The owner, Saad Bin Jung, spends his days caring for the animals and capturing their beauty through photography.
It’s been 30 years since he traded his career as a first-class cricket player for a life in the wilderness.
Saad Bin Jung, owner of The Bison, spends his days capturing stunning wildlife photos, including this beauty.
Courtesy Bedi Universal
Cricket runs through Jung’s blood. His uncle is Mansoor Ali Khan Pataudi, former captain of the Indian cricket team, and he grew up playing with the foreign teams visiting his family home in Hyderabad.
“For me, cricket was something that I had to do,” he recalls.
When he wasn’t playing, Jung and his family spent time in the jungles of Bhopal.
Descended from the royal Pataudi family, his brothers and cousins kept the centuries old tradition of tiger hunting alive while he stayed back home with his mother.
“I couldn’t even look at the dying animal’s eyes, it would literally make me cry,” recalls Jung.
Jung, pictured here on a picnic with his family, spent his childhood in the jungles of Bhopal.
Saad Bin Jung
“Let’s take these people along”
Today, he is again surrounded by exotic and endangered animals. But his aim is to protect them.
“When I found Bandipur, that’s exactly what I wanted. I had my elephants, I had my people, I had the tribes. I had conservation. So I dedicated my life to the people and the animals.”
He’s carrying on a legacy started by the Maharaja of Mysuru in the 1880s, whose conservation efforts in the region prevented it from turning into a plantation. The eco-biospheres stood against time, telling a story of how the world looked hundreds of years ago.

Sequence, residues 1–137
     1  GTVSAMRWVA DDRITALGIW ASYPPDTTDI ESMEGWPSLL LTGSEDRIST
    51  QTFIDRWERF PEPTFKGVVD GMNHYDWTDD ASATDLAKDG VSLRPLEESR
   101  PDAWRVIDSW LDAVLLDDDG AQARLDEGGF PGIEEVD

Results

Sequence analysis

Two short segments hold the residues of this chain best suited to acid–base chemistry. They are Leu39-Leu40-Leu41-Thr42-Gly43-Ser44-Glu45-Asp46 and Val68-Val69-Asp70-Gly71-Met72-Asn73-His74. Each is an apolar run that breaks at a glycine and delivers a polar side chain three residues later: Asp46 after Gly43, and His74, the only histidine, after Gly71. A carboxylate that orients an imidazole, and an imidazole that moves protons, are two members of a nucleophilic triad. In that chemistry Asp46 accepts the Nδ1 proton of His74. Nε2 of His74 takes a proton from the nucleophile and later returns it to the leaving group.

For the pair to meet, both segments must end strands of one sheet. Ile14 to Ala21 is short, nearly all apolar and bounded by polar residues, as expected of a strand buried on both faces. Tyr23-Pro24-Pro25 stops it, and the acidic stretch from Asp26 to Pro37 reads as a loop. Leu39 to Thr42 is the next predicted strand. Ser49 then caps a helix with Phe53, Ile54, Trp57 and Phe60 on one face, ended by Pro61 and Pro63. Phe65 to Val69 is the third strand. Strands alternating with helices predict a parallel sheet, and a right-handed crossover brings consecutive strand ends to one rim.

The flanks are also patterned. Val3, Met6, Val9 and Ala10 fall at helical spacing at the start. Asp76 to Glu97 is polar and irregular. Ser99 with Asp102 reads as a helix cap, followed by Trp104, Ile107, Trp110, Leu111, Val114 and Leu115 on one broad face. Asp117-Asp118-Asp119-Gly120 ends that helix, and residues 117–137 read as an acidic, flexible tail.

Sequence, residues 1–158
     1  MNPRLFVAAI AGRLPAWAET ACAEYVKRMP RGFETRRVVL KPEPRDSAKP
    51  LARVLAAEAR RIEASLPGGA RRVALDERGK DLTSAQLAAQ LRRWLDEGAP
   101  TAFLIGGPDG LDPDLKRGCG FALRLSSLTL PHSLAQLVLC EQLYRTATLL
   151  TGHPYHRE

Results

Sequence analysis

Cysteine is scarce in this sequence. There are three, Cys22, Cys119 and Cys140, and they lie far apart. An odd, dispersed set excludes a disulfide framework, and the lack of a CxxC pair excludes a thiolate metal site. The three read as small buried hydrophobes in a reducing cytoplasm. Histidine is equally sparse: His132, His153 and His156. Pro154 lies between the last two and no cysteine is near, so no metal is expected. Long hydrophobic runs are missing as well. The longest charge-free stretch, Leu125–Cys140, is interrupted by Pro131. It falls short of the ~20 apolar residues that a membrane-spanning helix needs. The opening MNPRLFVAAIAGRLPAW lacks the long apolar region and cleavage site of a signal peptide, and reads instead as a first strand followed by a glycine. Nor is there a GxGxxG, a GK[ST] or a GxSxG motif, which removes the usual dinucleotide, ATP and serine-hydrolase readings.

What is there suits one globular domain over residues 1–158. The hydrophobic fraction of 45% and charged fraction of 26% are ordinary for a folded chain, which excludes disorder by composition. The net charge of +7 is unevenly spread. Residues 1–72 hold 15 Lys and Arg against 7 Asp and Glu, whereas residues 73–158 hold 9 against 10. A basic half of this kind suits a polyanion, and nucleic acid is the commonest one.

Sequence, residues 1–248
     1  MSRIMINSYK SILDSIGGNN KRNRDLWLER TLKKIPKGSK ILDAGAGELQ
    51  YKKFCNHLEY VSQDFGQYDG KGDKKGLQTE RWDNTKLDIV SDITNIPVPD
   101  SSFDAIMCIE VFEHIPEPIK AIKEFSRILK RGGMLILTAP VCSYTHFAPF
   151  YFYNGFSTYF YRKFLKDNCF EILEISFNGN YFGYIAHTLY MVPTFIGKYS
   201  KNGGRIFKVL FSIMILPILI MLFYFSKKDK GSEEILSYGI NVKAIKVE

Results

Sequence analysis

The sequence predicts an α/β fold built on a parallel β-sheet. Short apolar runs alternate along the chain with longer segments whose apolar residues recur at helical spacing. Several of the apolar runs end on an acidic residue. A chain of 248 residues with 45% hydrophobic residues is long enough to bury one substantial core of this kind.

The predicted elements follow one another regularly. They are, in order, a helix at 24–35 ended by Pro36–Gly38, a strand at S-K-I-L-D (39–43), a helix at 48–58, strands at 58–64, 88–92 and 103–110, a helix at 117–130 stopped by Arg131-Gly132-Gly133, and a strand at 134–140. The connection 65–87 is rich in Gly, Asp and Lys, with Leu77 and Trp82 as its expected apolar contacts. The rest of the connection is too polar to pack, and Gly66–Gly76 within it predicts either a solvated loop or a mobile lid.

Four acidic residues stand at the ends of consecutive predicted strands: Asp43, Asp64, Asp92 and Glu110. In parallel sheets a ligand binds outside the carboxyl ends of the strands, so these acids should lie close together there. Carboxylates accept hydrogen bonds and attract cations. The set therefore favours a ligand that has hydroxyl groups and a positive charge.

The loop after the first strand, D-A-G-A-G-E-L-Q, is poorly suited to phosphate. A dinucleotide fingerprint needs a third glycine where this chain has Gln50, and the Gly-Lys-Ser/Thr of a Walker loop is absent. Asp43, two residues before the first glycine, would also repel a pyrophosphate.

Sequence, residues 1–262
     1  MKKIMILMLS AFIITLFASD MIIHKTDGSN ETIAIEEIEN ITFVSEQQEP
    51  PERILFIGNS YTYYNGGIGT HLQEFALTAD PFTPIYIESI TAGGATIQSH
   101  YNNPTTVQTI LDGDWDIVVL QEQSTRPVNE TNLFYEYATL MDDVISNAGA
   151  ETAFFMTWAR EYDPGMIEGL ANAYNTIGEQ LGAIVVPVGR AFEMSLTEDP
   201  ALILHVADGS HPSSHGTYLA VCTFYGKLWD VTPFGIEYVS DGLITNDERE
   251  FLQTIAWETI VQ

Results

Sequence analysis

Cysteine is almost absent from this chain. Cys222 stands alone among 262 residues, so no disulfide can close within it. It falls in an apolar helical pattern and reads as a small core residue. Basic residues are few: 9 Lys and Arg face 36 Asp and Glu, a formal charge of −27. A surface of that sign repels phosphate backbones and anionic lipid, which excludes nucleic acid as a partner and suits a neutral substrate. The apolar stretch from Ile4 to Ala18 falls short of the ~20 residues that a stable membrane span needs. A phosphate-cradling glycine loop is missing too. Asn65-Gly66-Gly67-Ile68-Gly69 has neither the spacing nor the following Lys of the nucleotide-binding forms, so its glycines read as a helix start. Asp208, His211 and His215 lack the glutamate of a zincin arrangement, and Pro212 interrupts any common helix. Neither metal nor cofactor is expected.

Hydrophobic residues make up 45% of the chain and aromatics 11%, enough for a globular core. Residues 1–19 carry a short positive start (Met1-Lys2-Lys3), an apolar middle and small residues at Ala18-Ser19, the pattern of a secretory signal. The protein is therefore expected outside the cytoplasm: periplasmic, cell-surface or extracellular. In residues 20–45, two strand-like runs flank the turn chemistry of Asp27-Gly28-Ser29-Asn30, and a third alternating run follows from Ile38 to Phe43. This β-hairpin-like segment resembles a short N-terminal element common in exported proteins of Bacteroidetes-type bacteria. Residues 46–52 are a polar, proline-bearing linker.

Jung isn’t only saving the environment, he’s also taking care of the area’s indigenous people.
He says the local tribes living in the nearby village of Gundathur were forgotten by the government, and the Bison Resort picked up the slack and started building a relationship with them.
“We said, let’s take these people along and make them understand their position in the world of conservation.”
The Bison is located in one of the world’s most biodiverse regions.
Courtesy Bedi Universal
It took years to establish trust between him and the villagers, who initially met him with hostility and burned down the resort’s huts and boats.
Jung now ensures their basic essentials are met, educates them about the importance of conservation and offers them job opportunities.
The Bison’s visitors get an intimate look into their lives as well. Jung walks guests through the villages and takes them into local homes.
“We want to show you how beautiful our people are, and what rural India is all about.”
The Bison offers guests a variety of luxury tents to choose from.
Courtesy The Bison
Staying at one of the most biodiverse regions in the world also gives them a chance to have close encounters with the animals.
These include leopards sleeping on the trees, elephants swimming in the Kabini river and an elusive black panther who comes to visit every three to four days.
The Bison offers a variety of luxurious tents, which, according to the resort, are inspired by east African camps and the old hunting lodges of the Raj.
It’s part of a growing ecotourism trend in India, and tourists get their pick of 104 national parks and 514 wildlife sanctuaries spread across the country.
But Jung says the government isn’t cooperating with his conservation efforts, and their decision to close off 80% of the Indian forests to the public is doing more harm than good.
“We need to drop the barriers, we need to come back into dialog. We need to really change from a protection mode to conservation mode,” he says.
“I’ve always believed that if you come to me in India, and I am unable to bring the heart and soul of this beautiful country and put it at your feet, then I’ll be failing my country.”